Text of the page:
As I went through my freshman year as a CSD student, I began to worry that when it was time to apply to grad school, good grades wouldn’t be enough. I wanted to distinguish myself from my peers and show that I was capable of doing great things!
At the same time, I became really interested in people’s perceptions of individuals who stutter—specifically, the number of people who assume that just because a child stutters, they have a learning disability too. It’s an issue a lot of stutterers and their families face!
I really wanted to dive deeper into this topic and learn more … so I worked with my professors and developed a research project!
Starting My Research
It was tough jumping into research after just one semester of my CSD program! I spent hours in the library, looking up past studies about stuttering. I really dove into what research had already been done on the topic.
Then, I conducted two 5-question surveys—one for high school and college students, and one for adults. The student survey, for example, asked if they had a peer who stuttered and what their assumptions were about this peer’s academic, social, intellectual, and career abilities. The adult version of the survey asked the same questions, but in reference to if they had a child who stuttered.
What I Found
Based on my findings, more males (disregarding age) believe that someone who stutters has a decreased academic and intellectual ability; while more females believe they have decreased social abilities.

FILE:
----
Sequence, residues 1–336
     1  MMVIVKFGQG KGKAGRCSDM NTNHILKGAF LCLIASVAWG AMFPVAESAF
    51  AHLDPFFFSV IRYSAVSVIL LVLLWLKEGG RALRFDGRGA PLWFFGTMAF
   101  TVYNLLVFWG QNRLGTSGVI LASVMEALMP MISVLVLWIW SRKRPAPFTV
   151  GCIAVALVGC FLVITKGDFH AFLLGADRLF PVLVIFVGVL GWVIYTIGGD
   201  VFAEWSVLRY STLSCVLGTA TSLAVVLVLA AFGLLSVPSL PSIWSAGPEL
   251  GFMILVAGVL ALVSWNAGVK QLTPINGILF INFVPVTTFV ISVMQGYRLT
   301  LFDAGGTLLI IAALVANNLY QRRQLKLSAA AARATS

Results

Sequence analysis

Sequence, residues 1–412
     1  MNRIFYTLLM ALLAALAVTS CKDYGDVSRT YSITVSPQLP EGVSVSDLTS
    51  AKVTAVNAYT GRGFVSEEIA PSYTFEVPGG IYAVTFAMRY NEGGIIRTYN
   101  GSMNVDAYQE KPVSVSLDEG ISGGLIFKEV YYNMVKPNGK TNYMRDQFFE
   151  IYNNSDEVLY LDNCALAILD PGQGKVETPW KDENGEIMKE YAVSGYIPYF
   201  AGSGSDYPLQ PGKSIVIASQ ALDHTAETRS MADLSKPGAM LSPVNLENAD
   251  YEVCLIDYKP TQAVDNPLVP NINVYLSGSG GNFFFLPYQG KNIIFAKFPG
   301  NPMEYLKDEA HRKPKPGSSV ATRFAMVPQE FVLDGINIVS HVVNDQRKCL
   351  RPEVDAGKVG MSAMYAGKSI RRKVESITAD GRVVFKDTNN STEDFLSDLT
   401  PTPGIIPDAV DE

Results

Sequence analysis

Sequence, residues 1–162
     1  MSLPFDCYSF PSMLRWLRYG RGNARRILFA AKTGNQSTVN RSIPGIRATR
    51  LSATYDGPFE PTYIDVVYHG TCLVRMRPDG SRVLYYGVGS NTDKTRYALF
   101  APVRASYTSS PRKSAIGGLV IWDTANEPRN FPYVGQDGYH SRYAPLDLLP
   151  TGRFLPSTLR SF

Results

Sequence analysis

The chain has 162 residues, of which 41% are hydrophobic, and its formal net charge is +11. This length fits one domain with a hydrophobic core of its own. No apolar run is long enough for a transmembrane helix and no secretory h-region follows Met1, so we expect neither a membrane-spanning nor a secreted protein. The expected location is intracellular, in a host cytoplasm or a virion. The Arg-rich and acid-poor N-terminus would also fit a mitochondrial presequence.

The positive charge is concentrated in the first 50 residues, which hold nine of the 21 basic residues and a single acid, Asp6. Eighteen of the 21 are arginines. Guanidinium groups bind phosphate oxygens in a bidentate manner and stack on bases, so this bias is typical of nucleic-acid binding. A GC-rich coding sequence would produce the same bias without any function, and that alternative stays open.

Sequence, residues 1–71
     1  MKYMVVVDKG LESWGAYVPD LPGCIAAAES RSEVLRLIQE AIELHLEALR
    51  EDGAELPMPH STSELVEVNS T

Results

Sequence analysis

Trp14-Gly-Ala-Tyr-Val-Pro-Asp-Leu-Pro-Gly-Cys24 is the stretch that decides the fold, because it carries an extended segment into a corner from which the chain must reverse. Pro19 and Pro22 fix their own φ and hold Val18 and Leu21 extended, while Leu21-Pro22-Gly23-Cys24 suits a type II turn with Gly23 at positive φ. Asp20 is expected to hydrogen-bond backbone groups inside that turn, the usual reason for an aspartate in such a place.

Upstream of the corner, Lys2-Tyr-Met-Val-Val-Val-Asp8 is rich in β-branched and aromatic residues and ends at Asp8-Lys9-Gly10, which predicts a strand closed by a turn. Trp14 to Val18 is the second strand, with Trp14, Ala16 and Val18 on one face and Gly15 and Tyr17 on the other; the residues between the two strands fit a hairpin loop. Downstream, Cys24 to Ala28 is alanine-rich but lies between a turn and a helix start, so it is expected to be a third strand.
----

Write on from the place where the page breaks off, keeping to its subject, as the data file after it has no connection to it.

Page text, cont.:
More high school- and college-aged students wouldn’t mind working with a peer who stutters; while 20% of adult female versus 12% of male participants would mind having a child who stutters.
All ages and genders of those surveyed were almost unanimous in thinking that jobs involving public speaking would not be suitable for a person who stutters.
Although I already knew people’s perceptions of those who stutter wasn’t the most positive, the results still astounded me! I wanted to share my findings with a bigger audience and was honored to present at this year’s Pennsylvania Speech-Language-Hearing Association (PSHA) Convention.
Our Role as SLPs
My research may have been simple, but it represents the larger idea that as professionals, we’re not just here to treat our clients, but we need to bring awareness to their friends, family, and peers too.
A stutter (or another speech, language, or hearing disorder) doesn’t define a child, and it won’t hold them back. We need to listen to every word they have to say, no matter how long it takes them to say it, because a child who stutters has the unique opportunity to teach the world to listen, as long as we’re willing to be patient and understanding.